1.Why do humans often get cancer compared to elephants according to the passage?

A.Elephants are bigger than humans.

B.Elephants have more p53 than humans.

C.Elephants are not as clever as humans.

D.Elephants eat more than humans.

2.Which of the following is right according to the passage?

A.Some damaged cells may be dangerous.

B.Some damaged cells are not dangerous.

C.Some damaged cells can’t be cancerous.

D.Some damaged cells in elephants’ bodies are more dangerous than those in humans’ bodies.

3.What can we know from the last paragraph?

A.Elephants have more cells than people. B.Elephants can get cancer easily.

C.Elephants seldom die from cancer. D.Elephants often die from cancer.

4.Which of the following can be the best title for the passage?

A.Elephants help us B.Learn from Nature

C.How to deal with cancer D.Nature helps us prevent cancer


Evening Workshops

Evening Workshops

Optional evening workshops will be held at small restaurants or other meeting places near the conference hotel. Meals and other costs are not included but are also optional. Locations will be announced at the conference site. Workshops are very loosely organized and most represent discussions that have been held at Society for Economic Botany (SEB) meetings over a series of years.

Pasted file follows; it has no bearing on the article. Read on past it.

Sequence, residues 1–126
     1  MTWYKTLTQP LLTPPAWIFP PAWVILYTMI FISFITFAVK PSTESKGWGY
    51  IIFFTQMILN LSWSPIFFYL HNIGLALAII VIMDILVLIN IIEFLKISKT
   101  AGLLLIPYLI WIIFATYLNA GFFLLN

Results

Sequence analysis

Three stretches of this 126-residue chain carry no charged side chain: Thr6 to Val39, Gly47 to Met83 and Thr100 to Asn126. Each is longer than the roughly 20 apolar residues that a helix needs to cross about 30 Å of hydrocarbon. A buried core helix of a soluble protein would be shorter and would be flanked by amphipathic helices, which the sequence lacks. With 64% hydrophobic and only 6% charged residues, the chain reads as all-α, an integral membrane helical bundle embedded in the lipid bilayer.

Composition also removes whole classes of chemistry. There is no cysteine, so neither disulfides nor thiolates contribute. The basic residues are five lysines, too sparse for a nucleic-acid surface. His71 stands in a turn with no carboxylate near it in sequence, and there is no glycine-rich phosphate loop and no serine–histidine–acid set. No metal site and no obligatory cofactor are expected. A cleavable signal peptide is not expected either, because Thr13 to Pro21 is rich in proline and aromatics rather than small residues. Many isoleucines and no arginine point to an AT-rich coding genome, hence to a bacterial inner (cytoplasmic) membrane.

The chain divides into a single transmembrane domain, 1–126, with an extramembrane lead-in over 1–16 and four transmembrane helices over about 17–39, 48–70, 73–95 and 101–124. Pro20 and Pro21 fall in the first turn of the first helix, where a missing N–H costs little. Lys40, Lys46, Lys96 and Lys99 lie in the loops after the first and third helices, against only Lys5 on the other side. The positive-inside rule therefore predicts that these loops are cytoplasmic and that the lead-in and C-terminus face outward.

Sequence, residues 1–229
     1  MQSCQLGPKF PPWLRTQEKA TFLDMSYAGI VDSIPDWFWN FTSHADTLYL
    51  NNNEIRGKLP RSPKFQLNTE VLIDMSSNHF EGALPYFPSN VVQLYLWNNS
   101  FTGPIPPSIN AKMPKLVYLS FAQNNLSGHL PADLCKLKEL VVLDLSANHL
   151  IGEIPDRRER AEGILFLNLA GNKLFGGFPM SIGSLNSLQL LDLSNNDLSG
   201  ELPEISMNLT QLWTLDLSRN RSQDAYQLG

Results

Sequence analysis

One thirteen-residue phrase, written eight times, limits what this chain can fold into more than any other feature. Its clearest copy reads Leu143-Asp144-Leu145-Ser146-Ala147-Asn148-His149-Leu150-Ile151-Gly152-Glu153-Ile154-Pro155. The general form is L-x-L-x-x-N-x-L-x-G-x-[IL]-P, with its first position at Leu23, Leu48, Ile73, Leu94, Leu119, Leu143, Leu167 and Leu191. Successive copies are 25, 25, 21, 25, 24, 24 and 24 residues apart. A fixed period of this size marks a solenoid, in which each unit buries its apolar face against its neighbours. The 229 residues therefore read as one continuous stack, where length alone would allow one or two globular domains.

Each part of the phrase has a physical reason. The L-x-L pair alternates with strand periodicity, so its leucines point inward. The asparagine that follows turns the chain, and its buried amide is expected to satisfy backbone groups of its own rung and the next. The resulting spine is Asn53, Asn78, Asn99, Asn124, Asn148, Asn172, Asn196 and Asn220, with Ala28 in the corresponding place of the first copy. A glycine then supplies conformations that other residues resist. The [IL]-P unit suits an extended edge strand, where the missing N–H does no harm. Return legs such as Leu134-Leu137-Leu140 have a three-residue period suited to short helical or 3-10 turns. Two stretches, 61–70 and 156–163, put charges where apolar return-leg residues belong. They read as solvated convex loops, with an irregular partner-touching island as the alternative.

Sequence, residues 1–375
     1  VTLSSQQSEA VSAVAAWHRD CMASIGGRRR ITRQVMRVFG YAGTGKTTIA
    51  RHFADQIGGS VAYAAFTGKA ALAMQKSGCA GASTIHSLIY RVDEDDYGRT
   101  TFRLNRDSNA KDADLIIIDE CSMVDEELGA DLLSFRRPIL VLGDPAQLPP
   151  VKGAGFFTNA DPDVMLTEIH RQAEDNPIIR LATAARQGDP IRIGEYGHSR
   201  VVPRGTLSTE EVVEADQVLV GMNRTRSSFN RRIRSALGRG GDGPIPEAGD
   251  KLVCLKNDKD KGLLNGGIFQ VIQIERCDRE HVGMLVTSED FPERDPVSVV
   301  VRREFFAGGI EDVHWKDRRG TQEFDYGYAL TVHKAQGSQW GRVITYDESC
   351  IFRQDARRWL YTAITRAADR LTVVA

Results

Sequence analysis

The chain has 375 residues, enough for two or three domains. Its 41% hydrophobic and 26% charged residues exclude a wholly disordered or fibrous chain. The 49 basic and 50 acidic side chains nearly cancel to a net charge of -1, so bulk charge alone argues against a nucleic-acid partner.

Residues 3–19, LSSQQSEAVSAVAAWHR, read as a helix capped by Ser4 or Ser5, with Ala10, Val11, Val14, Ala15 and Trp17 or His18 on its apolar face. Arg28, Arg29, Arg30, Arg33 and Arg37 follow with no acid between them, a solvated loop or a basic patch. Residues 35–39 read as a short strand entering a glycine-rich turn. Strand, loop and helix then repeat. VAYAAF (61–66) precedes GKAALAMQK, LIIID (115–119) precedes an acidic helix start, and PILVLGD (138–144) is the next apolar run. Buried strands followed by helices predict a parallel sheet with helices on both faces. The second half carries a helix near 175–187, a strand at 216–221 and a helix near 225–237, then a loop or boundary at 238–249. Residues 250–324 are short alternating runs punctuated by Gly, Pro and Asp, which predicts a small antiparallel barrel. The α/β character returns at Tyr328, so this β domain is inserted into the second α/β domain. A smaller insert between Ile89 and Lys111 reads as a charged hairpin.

Workshop 1: Student Network


Wednesday evening, Feb. 5th


Hugo de Boer and Arika Virapongse


Society for Economic Botany


Student members of the SEB hold a networking mixer each year in order to meet each other and to become familiar with a variety of educational programs and faculty advisors (大学指导老师). Faculty members who are part of training programs are encouraged to join the mixer to meet and talk with students.

Workshop 2: Botanical Film Making


Wednesday evening, Feb. 5th


David Strauch


University of Hawaii